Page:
"Hey, remember that black family that kind of took you guys in at the Clinton rally?"
"So, they didn't know you at all. They waited all day, fairly, for their spot in line so they could be up front. We could have waited all day if we wanted to be up front, but they saw you guys behind them and helped you move forward. Like, they were willing to sacrifice some of their space to nudge you closer to a historical moment and were also ready to help keep you safe when things got rowdy and they had zero obligation to do so."
"Yeah, they were nice."
"We have to be like them. With everyone, but right now especially with people who are feeling like our country doesn't want them. And you have to be on the look out for people who need a nudge forward or the protection of the place you have in society. Sometimes out of politeness, or to avoid awkwardness, we don't say something -- not just at big moments where someone is being bullied but even if a friend is saying something really unkind privately -- and I'm asking you to say something. A good example is that taped conversation of Trump and that other guy about women. That other guy could've shut it down and I hope you do. Quickly. Every time. Even if you have to make a social sacrifice or may come off as rude. Even if you might get in trouble. Even if the other guy is cool. Remember how that family helped you in spite of our differences and do it everywhere, but especially for people who may already be at a disadvantage."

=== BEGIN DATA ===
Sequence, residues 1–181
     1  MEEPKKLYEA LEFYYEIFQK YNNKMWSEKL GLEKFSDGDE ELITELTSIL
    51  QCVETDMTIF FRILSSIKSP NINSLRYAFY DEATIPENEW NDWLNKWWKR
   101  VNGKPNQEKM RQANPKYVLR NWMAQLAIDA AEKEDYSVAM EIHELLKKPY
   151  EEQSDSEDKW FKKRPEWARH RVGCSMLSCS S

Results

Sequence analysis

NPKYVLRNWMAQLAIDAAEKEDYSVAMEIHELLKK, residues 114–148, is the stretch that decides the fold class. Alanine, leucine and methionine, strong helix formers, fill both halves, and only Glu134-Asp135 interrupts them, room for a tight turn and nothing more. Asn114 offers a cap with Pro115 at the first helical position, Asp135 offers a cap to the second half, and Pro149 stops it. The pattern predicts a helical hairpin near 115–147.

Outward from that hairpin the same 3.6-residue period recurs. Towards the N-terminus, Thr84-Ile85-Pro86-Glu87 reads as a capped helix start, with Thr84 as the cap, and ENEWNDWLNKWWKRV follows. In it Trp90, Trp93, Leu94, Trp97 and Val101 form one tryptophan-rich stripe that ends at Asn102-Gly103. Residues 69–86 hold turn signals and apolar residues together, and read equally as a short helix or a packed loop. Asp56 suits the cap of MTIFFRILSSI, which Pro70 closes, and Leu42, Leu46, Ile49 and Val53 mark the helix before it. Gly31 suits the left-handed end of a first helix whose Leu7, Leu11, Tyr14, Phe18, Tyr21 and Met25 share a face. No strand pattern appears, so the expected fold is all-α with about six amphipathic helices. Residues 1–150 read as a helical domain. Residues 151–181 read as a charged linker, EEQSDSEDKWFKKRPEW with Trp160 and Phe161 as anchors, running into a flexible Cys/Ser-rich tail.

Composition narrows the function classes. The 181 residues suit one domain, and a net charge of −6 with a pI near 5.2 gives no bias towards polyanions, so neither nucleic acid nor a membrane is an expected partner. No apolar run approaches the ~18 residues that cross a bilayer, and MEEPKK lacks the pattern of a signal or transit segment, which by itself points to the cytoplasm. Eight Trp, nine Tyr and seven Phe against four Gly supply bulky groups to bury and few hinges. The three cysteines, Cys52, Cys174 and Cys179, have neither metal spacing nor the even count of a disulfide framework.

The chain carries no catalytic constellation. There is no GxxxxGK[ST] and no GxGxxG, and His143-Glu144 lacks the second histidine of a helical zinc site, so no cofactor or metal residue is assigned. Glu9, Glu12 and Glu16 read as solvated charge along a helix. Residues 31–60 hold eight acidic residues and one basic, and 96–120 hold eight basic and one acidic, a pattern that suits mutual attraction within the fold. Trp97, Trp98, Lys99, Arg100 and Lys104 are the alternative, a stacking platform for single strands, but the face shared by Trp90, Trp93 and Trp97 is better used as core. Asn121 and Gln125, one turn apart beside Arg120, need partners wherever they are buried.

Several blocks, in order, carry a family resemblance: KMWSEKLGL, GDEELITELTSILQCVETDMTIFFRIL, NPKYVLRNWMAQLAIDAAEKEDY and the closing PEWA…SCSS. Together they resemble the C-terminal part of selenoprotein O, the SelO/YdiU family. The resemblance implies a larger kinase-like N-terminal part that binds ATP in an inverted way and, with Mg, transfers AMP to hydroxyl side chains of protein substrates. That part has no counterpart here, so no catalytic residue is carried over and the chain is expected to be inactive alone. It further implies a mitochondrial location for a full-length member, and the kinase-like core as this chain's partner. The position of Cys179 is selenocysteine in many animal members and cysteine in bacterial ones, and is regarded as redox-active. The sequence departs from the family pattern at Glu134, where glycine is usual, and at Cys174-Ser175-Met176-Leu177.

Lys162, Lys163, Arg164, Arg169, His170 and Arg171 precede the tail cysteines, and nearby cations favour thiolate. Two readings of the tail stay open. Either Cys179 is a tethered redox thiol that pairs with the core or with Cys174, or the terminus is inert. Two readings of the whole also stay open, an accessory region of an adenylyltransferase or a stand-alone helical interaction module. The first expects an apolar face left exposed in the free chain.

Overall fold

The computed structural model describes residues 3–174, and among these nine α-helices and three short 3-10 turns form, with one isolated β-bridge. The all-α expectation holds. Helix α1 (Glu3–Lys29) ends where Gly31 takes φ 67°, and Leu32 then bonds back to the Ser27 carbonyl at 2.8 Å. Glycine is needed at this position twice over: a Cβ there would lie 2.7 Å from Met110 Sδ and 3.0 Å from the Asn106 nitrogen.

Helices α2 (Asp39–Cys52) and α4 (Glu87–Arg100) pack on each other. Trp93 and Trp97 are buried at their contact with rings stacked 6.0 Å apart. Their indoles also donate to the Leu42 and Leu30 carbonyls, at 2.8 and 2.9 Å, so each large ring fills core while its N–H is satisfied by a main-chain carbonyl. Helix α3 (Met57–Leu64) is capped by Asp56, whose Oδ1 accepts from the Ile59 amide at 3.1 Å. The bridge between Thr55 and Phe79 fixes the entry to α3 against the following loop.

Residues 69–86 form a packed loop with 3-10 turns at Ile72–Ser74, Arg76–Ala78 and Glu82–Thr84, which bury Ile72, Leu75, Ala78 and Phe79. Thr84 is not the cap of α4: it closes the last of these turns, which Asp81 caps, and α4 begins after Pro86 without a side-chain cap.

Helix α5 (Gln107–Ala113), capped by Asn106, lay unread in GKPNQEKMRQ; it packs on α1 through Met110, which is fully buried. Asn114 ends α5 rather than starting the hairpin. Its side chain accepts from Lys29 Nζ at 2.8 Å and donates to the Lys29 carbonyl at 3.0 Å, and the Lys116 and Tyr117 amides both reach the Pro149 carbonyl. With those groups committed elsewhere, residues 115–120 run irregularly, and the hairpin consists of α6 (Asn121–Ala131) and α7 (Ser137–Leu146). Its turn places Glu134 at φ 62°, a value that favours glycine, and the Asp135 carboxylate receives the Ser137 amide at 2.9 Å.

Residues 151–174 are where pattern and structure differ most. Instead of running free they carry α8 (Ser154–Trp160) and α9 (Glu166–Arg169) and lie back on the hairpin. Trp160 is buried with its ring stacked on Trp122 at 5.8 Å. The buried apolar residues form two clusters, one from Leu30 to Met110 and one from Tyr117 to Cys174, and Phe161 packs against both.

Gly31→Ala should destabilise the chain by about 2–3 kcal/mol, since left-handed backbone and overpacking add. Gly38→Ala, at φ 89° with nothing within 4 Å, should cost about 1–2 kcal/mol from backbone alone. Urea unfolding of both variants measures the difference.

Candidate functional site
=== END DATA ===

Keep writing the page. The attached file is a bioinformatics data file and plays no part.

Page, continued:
"Is this about racism? No offense, but that's just not really a thing at my school. I think it's an adult thing, mostly. We all play with everyone, unless they're a jerk, and even then we'll try again when they aren't a jerk."
"Well, keep playing with everyone, even the jerks. I know that's the hard part, but the jerks grow up to feel like the only thing they can be is a jerk since that becomes their thing. And then they end up in a position of power over the same people they were jerks to before. Love the jerks in a way that shows you know they can do better and let them try again."
"Yeah. We do that," he said, as if it was the craziest thing in the world to think they wouldn't.
Have we considered electing a 5th grader? While we're in "Let's see what happens" mode, I think it's worth considering. Also, they've studied government fairly recently and have student council experience, which is a plus.